The lover was greatly relloveC,,..lle
could - now forewarn the lady against' the
. perillicrlard - imagined. The train in / a
morianat .dropped .Danderbunk.
fle; hi rrieoo the Fonidiy: and wrote
note to Nis. Darner.
" Mr..Wadevrenents. his compliments
to Mrs. Darner, and has the honor to im
form her that Mr. Skereett has nominated
'him carver to the ladies *day in••theit
Pa 0,1112 WOR, TEM g 2 ,AINO EVX amaza.
"Mr. Wade hopes that Miss Damer
will excuse him from his engagement to
skate with her this afternoon. The ice
is dangerous, and Miss Darner should on
no account venture upon it."
Perry Purtett was the - bearer of this
billet. He swaggered into Peter Sker
rett's ball, and dreadfully alarmed the
fresh-imported Englishman who answered
the bell, by ordering him in a severe
" Hurry up now, White Cravat, with
that answer I I'm wanted down to the
Works. Sam don't bile when I'm off:
and the fly.whe'd will never buzz another
turn, unless I'm there to tell it to move
Mrs. Damer's gracious reply informed
Wade "that she would be chanced to see
him at dinner, etc., and would riot fail to
transmit his kind warning to Miss Darner,
when she returned from her drive to make
But when Miss Darner returned in .the
afternoon, 'her mother was taking a gen
tle nap over the violet, indigo, blue, green,
yellow, orange, -red stripes of a gorgeous
Afghan she was knitting. The daughter
heard nothing of the billet. The - house
was lonely without Fanny Skerrett.
Wade did not come at the appointed hour
Mary was not willing to say to herself
how much she regretted his absence.
Had he-forgw,ten his-appointment "I-
No,— that was a thought not to be tol
" A gentleman does not forget," she
thought. And she had a thorough • con
fidence, besides, that this gentleman was
very willimr ' to remember.
'She reada little, fitfully, sang fitfully,
moved about the house uneasily; and at
last, when it grew late, and she was bored
and Wade did not arrive,she pronounced to
herself that he had been detained in town.
This point settled, she took her skates,
put on her pretty Amazonian hat with its
alert feather, and went down to waste her
beauty and grace on. the -ice,- unattended
CAP'N BusTEß's SKIFF
It was a busy afternoon at the Pund
The Superintendent—had come tack
with his pocket full of orders. Every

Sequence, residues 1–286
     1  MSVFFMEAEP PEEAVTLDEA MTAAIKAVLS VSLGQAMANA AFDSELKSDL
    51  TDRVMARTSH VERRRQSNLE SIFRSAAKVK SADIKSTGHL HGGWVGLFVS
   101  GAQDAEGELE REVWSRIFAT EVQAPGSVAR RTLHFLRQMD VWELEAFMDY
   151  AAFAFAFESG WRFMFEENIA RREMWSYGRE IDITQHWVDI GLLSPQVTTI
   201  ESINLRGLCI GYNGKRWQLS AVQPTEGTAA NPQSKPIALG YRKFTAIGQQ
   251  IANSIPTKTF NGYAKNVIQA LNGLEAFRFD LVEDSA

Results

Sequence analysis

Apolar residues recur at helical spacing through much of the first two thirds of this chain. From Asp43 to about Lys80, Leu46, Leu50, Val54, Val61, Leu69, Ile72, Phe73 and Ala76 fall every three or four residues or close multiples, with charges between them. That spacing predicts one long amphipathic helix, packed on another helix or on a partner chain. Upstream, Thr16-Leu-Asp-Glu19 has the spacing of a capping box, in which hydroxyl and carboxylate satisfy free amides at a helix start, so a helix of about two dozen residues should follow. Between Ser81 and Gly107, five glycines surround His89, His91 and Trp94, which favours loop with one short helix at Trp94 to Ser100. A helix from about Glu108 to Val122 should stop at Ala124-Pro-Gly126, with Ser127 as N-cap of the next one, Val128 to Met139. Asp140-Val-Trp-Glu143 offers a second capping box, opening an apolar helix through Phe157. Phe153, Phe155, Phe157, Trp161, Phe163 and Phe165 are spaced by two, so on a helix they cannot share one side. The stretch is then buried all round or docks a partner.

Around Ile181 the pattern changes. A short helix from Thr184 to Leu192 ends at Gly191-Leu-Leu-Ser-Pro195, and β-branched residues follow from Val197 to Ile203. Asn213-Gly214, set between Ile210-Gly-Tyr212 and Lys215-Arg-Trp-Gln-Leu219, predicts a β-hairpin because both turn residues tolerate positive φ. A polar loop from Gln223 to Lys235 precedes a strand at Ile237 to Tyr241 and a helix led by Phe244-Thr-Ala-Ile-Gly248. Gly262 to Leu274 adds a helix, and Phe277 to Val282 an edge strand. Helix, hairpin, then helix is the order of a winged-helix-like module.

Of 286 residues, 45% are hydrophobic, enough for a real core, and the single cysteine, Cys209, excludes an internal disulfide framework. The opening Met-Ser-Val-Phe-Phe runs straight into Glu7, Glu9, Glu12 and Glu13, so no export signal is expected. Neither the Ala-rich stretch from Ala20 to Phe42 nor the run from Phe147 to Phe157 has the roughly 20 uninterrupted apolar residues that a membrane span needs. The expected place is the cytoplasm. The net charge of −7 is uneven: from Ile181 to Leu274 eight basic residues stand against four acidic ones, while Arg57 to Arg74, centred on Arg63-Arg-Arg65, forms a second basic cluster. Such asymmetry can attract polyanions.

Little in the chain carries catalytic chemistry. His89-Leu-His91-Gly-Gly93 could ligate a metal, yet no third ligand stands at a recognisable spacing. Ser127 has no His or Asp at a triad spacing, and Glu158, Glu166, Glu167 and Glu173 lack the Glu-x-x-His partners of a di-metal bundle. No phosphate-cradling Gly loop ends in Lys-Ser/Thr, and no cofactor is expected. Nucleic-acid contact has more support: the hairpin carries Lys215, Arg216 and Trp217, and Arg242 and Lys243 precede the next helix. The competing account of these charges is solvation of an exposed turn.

body, from_ the . Czar of Russia to the
Pret:ideniThl the Guano Republic, was
in the market for machinery. Crisis was
gone by. Prosperity was come, The
world was all ready to move, and only
waited for a Ircsli supply of wheel:,
cranks, side-levers, walkimr-heaves, and
other such muscular creatures of 'iron, to
push and tu,.2; and swing and rtgt,gye and
set Progre;.l ~going.
Dunderbunk was to have its full share
in supp/yine: the demand. g.jt was well
understood by this time that the iron
Wade made was as staunch as the man
who made it. Puoderbunk, therefore,
Ile_ad and Hands, must despatch.
So it was a busy afternoon at the in
dustrious Foundry. The men bestirred
themselves. The ftirnaces rumbled. The
engine thumped. The drums in the fin
ishing-shop hummed merrily their lively
song of labor. The four trip hammers
—two bull = headed, two calf- headed
champed, like carniverous maws, upon
red bars of iron, and over their banquet
they roared the big-toned music of the
" Nov then! hit 11;m1"
Strike while the Iron's hot. Idie 6dee t. Art's long
By this massive refrain, ringing. in at
intervals above the ceaseless buzz, mur
mur, and clang throughout the buildin g s,
every man's work was mightily nerved
and inspired. Everybody liked to hear
the sturdy song of these grim vocalists;
and whenever they struck in, each solo
or duo or quatuor of men, playing Anvil
Chorus, quickened thee, and all the ac
tion and rumor of the busy opera went
on more cheerily and lustily. So work
kept astir like play.
An hour before sunset, Bill Tarbox
stepped into Wade's office. Even oily
and begrimed, Bill Could he recognized
as a favored lover. He looked more a
man than ever befbre,
'• I forgot to went ion," says tthe ft:ro
man, " that Cap'n Ambustor was in this
morning, to see you. He spys, that, if the
river's elem. enough for him to get away
from our dock, he 'll go down to the City
to-morrow, and — offers to take freight
cheap. We might put that new walking
beam, we've just rough-finished for the
"Union," aboard of him."
" he is sure to go to-morrow.
It will not do to delay. The owners com
plained to me yesterday that the 'Union'
was in a bad way for want of its new ma
chinery. Tell your brother-in-law to come
Tarbox looked 'sheepishly pleased, and
summoned Perry Purtett.
" Run down, Perry," said 'Wade, " to
the Awbuster; and ask Captain Isaac to
step up here a moment. Tell him I have
some freight to send by him."
Perry moved through the the Foundry
with his usual jaunty step, left his dignity
at the door, and ran off to the dock.
The weather had grown fitful. Heavy
clouds whirled over, trailing snow flurries.
Rarely the "s un found a cleft in the black